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Jesus: Ruler of the Ruler of Demons

Series: Luke

Sermon by J. Ligon Duncan on Jun 27, 2010

Luke 11:14-28

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The Lord's Day Morning

June 27, 2010

Luke 11:14-28

“Jesus: Ruler of the Ruler of Demons”

Dr. J. Ligon Duncan III

Sing to the Lord a new song all the earth. Tell of His salvation from day to day. Declare His glory among the nations and His marvelous works among all the peoples for great is the Lord and greatly to be praised. He is to be feared above all gods for all the gods of the peoples are worthless idols, but our God, the Lord, made the heavens and the earth. Splendor and majesty are before Him, strength and beauty in His sanctuary, so let us give unto the Lord the glory due His name. Let us worship God!

Our Lord and our God, You are holy, holy, holy and we are not and because of this only You can provide a way for us into Your presence to enjoy Your blessings, Your benefits, Your fellowship. And You have done this in Your great love and mercy and grace in Your Son, Jesus Christ. While we were yet sinners, Christ died for the ungodly. You sent Your Son, Your only Son, whom You love, the Lord Jesus, into this world so that all those who believe on Him will not perish but have everlasting life.

So we come to You the Gospel way this morning. We come to You by the cross of Jesus Christ, by the shed blood of Jesus Christ for our forgiveness. He is the one who bore our penalty that we might receive the blessings that flow from His person and His finished and perfect work, come into Your presence as blood-bought declared right sinners, accepted as Your children, adopted as sons of God, all by Your doing, all by His accomplishment, all by Your grace. We have contributed nothing to this. We simply stretch our hands out in faith and receive what You have accomplished and provided.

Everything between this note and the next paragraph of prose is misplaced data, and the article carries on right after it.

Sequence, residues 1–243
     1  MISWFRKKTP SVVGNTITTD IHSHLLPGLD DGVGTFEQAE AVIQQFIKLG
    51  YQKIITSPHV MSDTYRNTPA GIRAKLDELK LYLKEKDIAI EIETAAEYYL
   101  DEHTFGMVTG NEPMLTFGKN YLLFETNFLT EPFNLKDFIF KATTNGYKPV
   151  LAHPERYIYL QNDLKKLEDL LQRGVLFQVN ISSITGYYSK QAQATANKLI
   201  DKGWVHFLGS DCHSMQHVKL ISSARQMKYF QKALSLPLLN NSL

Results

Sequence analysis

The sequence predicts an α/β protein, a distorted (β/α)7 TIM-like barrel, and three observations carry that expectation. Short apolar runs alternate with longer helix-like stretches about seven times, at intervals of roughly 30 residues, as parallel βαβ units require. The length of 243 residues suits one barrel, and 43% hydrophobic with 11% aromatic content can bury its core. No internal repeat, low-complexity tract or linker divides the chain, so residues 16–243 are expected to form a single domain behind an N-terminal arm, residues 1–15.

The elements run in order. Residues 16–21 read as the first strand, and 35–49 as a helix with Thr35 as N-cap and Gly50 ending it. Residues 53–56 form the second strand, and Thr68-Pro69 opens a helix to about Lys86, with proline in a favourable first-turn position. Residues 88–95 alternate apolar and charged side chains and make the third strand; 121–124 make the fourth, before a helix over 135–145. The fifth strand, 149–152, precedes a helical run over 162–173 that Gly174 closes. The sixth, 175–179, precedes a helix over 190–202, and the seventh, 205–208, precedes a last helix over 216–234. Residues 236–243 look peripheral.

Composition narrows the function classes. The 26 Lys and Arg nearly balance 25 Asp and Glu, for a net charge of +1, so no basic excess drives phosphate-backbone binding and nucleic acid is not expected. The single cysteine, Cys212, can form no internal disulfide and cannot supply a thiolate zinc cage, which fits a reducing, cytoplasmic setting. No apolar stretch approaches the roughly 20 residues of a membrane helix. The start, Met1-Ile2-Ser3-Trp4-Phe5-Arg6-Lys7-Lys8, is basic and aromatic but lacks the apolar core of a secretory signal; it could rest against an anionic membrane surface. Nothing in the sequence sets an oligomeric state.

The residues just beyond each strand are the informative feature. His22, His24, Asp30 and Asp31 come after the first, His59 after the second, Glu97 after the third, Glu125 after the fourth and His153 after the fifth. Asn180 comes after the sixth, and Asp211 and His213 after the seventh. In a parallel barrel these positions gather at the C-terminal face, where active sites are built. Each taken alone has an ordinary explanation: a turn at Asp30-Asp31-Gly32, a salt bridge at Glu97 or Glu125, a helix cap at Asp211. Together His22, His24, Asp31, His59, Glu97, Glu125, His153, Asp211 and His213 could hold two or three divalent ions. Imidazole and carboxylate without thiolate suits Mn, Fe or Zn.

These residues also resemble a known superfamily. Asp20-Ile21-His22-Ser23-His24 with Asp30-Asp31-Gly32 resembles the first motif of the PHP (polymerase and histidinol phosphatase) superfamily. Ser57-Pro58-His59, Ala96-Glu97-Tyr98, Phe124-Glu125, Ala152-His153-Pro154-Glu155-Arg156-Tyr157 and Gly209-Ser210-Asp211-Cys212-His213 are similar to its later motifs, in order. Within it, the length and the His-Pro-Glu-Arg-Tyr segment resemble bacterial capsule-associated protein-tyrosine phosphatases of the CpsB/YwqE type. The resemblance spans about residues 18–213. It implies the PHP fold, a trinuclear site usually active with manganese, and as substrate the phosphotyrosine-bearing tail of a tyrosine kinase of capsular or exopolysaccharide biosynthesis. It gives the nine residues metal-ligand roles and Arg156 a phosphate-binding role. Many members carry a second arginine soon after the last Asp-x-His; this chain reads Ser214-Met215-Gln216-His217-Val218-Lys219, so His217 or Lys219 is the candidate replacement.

So we come by the Gospel and by the cross today to give to You the glory due Your name. Make the words of our mouths and the meditations of our hearts to be acceptable to Your sight. Speak Your Word deep into our hearts today and make us to be not only hearers but doers of Your Word. Exalt Yourself in our praises and enable us to worship in spirit and in truth. We ask all these things in Jesus' name. Amen.

If you have your Bibles I'd invite you to turn with me to Luke 11 as we continue our way through this gospel. We come to an extraordinary passage in which Jesus casts a demon out of a man who has been made mute by the activity of that demon and it evokes varying responses from the multitude that were observing this. Some marveled but others ascribed Jesus’ activities to the power of Satan while still others demanded that that sign of casting out a demon was not enough. They wanted yet another sign to certify to them that Jesus was indeed from God. In the course of His response to these various questions that are laid at His feet by the crowd that has assembled around Him, Jesus not only manages to show the illogic of their position assessing Him, but to tell them much about the activity of the prince of demons and of what it means to be demonically possessed and oppressed. But even deeper still Jesus teaches us about what true Gospel conversion involves in this passage, where the power comes from to bring a human being out of darkness and into the marvelous light of God's grace. And of course in this passage He identifies Himself as the One who is able to plunder the strong man and so He shows Himself to be the Ruler of the ruler of the demons.

Now before we read God's Word let's look to Him in prayer and ask for His help and blessing to understand it.

Lord, this is Your Word. Your Word is powerful and effective and sharper than any two-edged sword. It can pierce down to the very depths of our being and separate in us what is wrong from what is right and clarify for us where our hearts are right with You and where they are not. And Your Word, O Lord, is profitable for reproof and correction and training in righteousness. It is fully sufficient to equip the believer in every good work. And so we ask O Lord that You would cause us, by Your Holy Spirit who inspired this Word, to both hear and understand and believe and do the truth. This we ask in Jesus' name. Amen.

This is the Word of God, hear it: